Calling out climate lies in the media
Stop Funding Heat wants to stop the promotion of climate misinformation by the press.
Fossil fuel companies have grown increasingly savvy in their greenwashing efforts – from partnering with Instagram influencers, to sponsoring news organisations like The New York Times. This begs questions about how much autonomy they have over the information they release.
The campaign Stop Funding Heat seeks to shed light on ‘coordinated climate lies as well as subtler forms of climate misinformation’. Formed in 2020 and run mostly by volunteers, they have exposed climate misinformation in a number of leading UK newspapers.
Stop Funding Heat also analyses social media platforms, primarily Facebook which permits climate denial to spread as it provides ‘good business’. They estimated that there are between 818,000 and 1.36 million daily views of climate misinformation on the platform, of which only 3.6% are fact-checked.
As online information spreads like wildfire, this is incredibly dangerous - especially when coupled with real-life events intended to support our dying planet, such as COP26 where fossil fuel companies sent 500 lobbyists to the event - more than any other country and outnumbering the official Indigineous constituency.
Recently, Avaaz has released a climate report, titled ‘Meta-Denial: How Facebook Fails to Keep Up with the Evolving Tactics of Today’s Climate Misinformers’, where they found that the top five climate misinformers on Facebook racked up over 61 million views during an 8-month period. As 88% of their posts did not have fact-checking labels, Facebook has become home to many of these voices, although Meta claims that there is no evidence that the platform has adverse effects of climate change.
A definition for climate misinformation
In order to dig deeper, Ours To Save spoke to Stop Funding Heat about Facebook’s role in spreading climate misinformation.
“It is clear that Facebook is one of the biggest vectors for climate misinformation - if not the biggest - in the world,” said its spokesperson.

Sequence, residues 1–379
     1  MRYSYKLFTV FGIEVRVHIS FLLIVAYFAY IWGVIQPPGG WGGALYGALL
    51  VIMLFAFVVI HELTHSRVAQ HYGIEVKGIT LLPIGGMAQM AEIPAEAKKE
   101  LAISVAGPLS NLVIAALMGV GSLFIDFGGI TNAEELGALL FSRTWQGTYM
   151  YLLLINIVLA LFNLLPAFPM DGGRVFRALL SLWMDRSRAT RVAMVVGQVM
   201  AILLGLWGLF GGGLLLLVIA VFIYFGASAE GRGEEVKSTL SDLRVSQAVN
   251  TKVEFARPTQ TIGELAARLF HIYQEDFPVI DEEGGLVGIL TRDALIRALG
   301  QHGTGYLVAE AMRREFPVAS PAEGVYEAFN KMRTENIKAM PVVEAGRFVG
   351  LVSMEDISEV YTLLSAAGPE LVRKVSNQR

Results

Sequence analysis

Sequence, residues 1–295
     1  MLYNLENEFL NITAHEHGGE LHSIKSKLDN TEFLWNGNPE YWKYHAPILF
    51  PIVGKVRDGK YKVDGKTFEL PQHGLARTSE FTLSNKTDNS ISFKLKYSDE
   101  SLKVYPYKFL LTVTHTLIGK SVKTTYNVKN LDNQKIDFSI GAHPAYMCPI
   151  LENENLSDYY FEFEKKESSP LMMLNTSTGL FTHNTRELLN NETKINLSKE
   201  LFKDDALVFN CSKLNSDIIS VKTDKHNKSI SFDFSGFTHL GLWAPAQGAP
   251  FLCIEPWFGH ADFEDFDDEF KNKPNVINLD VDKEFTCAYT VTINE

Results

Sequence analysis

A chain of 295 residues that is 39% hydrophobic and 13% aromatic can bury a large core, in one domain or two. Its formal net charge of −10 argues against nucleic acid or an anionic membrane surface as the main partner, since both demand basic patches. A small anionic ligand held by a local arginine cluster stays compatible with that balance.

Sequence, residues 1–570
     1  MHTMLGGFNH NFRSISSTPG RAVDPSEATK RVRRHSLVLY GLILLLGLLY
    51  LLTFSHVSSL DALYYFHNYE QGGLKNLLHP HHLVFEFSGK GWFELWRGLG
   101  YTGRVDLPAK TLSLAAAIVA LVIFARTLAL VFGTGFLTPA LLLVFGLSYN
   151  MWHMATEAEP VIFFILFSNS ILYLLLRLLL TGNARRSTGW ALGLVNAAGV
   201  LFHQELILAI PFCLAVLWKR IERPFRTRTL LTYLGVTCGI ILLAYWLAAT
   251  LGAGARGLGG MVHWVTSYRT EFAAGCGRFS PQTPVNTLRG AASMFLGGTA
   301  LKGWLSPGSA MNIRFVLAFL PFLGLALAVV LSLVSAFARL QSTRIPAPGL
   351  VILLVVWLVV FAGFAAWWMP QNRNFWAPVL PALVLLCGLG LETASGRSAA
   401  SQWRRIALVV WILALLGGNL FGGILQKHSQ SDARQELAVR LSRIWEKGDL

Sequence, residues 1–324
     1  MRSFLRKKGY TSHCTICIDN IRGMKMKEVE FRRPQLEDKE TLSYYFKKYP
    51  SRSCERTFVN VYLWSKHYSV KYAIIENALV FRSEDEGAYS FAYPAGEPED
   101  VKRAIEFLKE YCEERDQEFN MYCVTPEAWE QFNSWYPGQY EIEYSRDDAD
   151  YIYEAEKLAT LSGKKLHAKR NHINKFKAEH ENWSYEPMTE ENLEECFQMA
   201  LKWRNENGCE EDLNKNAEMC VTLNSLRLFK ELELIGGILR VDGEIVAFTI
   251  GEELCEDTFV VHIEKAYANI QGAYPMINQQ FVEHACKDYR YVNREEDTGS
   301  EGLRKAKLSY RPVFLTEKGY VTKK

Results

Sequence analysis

“We are asking Facebook to publicly state its definition of climate misinformation, and produce clear, transparent policies as to how it seeks to reduce the problem. If it isn't a problem, we want to see the data behind that. Facebook is a black box, but from what we can see from the outside, it is directly contributing to this pressing issue.”
Stop Funding Heat has built a misinformation archive on its website, highlighting various headlines from national media platforms. This includes several from The Spectator. One headline - ‘Can London’s floods be explained by climate change’ - raises doubts as to whether extreme weather is caused by climate change, despite there being a scientific correlation between global warming and weather.
Another repeat offender is GB News. In one segment titled ‘Is Britain too reliant on wind power?’, Nigel Farage claimed that renewable energy only produced 2-3% of Britain’s electricity for three weeks in September. Full Fact found this claim to be false, stating that it was 10-19% each day for the first three weeks of September and has since increased.
Stop Funding Heat reiterates that “during a climate crisis, there is no justification for climate misinformation to be so prevalent online. Social platforms as well as toxic online media such as GB News, Fox News and Spiked are spreading misinformation as it’s good for their business model.
“Stop Funding Heat works with brands who do not want to be funding such activities, by helping them recognise how to remove their adverts from such media and social media platforms.”
In the past, climate denial has led to a delay in effective climate action. So, now that media personalities and politicians openly share their - often spurious - opinions on climate change, it is more important than ever to check the facts.
We must demand better regulation of content published on media platforms, and when fact-checked by government regulations, those publishing mis-information must be held accountable and false facts must be taken down and publicly rectified.
Imaan Asim is a modern languages student at QMUL. You can read her work here.
Featured image courtesy of Brian McGowan.